Cell culture: RPMI8226 were from the American Tissue Culture Collection (ATCC). The N-nitroso-N-methylurethane-(NNMU)-induced, undifferentiated murine colon carcinoma cell line CT26 was transfected with scrambled siRNA or siRNA to knockdown Atg5 or Atg7 and provided by Laurence Zitvogel (Institut Gustave Roussy, Villejuif, France). Myeloma cells were (Gibco, Grand Island, NY), 1% pen-strep and 1% L-glutamine. All other cells were grown in DMEM/high glucose supplemented with 10% FBS, 1% pen-strep and 1% L-glutamine. MEFs were grown in complete DMEM.

Chemical reagents- Bortezomib was from ActiveBiochem (Maplewood, NJ) and other chemicals were from Sigma Chemical Co. (St. Louis, MO).

Plasmids and Transfection: Plasmids that expressed ATG5 wt or mutant forms were transfected into myeloma cells using Amaxa Nucleofector. Sequence that encoded human Atg5 bearing a carboxy-terminal HA-tag (828 base pairs) was inserted into the vector pCI-neo. The putative calpain-cleavage site within ATG5 was predicted using the GPS-calpain cleavage detection software program [25]. Threonine residue 193 and 194 in Atg5 were replaced by site-directed mutagenesis to encode glycine residues. Nucleotide sequencing then confirmed that the resultant vector encoded human Atg5-T193G/T194G-HA. (Genewiz, South Plainfield, NJ).

Generation of PI-resistant cells. RPMI8226 cells were exposed to successively increased concentrations of bortezomib, ixazomib or carfilzomib to generate resistant cells. Parental cells were cultured under the same algorithm in vehicle (0.5% DMSO) alone.

Real-time OCR and ECAR measurements: Time-resolved analysis of cell OCR and ECAR was obtained using the XF24 flux analyzer according to manufacturer’s instructions (Seahorse Biosciences, Billerica, MA). Cells were suspended in media containing the indicated glucose or drug concentration. The plate containing the cells was then centrifuged at 40x g, the plate rotated 180o and centrifugation repeated at 80g. Media was added and the plate placed in a non-CO2 incubator for 30 minutes. The plate was then placed in the XF-24 analyzer using a 3:2:3 (mix: wait: measure) time program.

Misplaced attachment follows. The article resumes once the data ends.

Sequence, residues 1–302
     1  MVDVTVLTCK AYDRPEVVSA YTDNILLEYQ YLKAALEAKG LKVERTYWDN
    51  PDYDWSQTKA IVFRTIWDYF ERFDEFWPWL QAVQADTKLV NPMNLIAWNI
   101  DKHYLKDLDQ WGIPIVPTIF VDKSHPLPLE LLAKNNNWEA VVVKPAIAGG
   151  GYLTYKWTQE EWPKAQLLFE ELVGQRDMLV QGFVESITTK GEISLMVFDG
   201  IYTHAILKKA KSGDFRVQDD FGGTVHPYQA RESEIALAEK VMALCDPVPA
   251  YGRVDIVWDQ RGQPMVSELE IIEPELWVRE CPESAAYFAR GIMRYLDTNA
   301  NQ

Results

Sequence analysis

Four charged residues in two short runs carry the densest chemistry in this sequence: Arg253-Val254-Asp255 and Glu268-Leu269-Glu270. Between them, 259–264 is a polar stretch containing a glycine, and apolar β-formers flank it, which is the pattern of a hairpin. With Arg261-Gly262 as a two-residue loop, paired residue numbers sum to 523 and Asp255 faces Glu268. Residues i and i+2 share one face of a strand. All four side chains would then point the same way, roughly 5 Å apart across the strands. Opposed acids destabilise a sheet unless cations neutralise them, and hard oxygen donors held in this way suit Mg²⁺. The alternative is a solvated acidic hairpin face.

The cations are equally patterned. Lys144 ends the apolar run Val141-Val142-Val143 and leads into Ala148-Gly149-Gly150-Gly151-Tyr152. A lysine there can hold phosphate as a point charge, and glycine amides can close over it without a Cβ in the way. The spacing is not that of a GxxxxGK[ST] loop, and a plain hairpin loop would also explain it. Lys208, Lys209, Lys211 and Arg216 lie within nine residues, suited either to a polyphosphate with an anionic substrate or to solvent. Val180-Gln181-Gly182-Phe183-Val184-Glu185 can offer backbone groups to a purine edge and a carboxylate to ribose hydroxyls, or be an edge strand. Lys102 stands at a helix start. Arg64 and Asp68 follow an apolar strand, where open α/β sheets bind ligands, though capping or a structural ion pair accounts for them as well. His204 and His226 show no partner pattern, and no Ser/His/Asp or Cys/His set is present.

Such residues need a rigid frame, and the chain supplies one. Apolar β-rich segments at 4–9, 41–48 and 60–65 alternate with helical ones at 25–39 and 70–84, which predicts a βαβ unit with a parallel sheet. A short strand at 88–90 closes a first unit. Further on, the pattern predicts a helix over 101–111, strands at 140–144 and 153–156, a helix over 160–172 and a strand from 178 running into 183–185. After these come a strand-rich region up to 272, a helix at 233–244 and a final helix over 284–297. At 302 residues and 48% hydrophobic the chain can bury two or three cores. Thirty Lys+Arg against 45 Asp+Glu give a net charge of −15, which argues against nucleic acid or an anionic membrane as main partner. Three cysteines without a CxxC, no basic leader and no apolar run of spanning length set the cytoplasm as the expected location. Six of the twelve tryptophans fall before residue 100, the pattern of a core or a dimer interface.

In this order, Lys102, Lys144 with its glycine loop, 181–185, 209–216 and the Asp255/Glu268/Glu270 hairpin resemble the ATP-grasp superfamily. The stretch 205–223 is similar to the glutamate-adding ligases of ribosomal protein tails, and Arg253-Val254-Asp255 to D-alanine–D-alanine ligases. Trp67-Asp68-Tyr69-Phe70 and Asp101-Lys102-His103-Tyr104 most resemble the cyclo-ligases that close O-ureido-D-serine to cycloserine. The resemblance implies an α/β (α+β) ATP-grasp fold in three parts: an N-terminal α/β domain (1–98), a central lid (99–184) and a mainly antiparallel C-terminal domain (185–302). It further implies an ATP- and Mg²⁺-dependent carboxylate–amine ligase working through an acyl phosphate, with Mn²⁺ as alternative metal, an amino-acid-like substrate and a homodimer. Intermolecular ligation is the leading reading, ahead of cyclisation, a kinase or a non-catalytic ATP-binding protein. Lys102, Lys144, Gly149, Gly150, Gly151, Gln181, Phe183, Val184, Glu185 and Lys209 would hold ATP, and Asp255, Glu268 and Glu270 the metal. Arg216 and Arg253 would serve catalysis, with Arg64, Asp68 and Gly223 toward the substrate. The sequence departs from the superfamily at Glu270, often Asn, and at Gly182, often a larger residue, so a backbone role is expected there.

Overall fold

Cell Viability Determination using the XTT Assay: 5 × 104 cells were plated in 96-well plates in RPMI media that lacked phenol red. Cells were then treated as indicated with drugs and incubated for 72 hours. To determine cell viability, 50µl of activated XTT-PMS mixture (1mg/ml XTT-20 µM PMS) was added to each well, plates further incubated for 3 hours and absorbance determined using a BMG Labtech FLUOstar OPTIMA plate reader at a wavelength of 450nm, position delay of 0.5 seconds and 20 flashes/well.

Quantification of Autophagosomes: 1 × 106 cells were plated in RPMI media, treated with drugs as indicated and autophagosomes quantitated by flow cytometry using the Enzo cyto-ID autophagy detection kit (Enzo Life Sciences (Farmingdale, NY). The assay comprehensively measures autophagosomes with negligible staining of lysosomes. Cells were pelleted, suspended cyto-ID detection reagent, incubated in dark at 37oC and analyzed using FL1 of a Coulter Epics XL-MCL. The assay was optimized through the identification of titratable functional moieties that allowed for minimal staining of lysosomes while exhibiting bright autolysosomes. The mean FL1 signal from an autophagy inducer with CQ increases much higher than an inducer alone, to indicate that enhanced accumulation of autophagosomes results from increased flux.

Quantification of Apoptosis: The annexin V-FITC conjugate was used with 1 × 106 cells treated with drugs as indicated and incubated at 37oC. Cells were collected, centrifuged, washed, resuspended in 90µl of assay buffer and 10µl of Annexin V, FITC conjugate. Samples were analyzed in the FITC channel of a Coulter epics XL-MCL flow cytometer.